par Vanhamme, Luc ;Lecordier, Laurence ;Pays, Etienne
Référence International Journal for Parasitology, 31, 5-6, page (523-531)
Publication Publié, 2001-05
Article révisé par les pairs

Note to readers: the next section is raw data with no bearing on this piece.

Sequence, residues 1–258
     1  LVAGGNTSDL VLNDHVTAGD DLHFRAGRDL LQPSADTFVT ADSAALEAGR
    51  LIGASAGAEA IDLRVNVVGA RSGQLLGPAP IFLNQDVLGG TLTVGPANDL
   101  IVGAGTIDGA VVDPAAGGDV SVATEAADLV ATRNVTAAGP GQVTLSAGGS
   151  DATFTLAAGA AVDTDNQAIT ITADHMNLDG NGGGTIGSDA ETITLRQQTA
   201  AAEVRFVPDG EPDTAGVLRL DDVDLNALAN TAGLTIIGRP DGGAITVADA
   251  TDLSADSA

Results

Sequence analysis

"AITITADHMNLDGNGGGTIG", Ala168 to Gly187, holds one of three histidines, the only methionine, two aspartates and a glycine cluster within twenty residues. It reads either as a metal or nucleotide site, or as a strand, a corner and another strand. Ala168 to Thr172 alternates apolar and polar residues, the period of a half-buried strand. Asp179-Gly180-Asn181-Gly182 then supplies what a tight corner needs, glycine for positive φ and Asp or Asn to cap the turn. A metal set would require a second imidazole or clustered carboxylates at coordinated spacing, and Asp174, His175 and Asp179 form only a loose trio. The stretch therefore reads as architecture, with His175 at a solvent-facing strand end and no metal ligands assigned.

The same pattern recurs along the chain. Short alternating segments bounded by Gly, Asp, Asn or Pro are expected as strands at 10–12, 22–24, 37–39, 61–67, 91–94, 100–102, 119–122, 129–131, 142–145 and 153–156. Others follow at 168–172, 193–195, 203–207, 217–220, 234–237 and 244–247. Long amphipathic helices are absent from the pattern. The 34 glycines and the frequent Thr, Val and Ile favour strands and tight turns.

Résumé : African trypanosomes escape the host immune response through a periodical change of their surface coat made of one major type of protein, the variant surface glycoprotein. From a repertoire of a thousand variant surface glycoprotein genes available, only one is expressed at a time, and this takes place in a specialised expression site itself selected from a collection of an estimated 20-30 sites. As the specialised expression sites are long polycistronic transcription units, the variant surface glycoprotein is co-transcribed with several other genes termed expression site-associated genes. How do the trypanosomes only use a single specialised expression site at a time? Why are there two dozen specialised expression sites? What are the functions of the other genes of these transcription units? We review the currently available answers to these questions.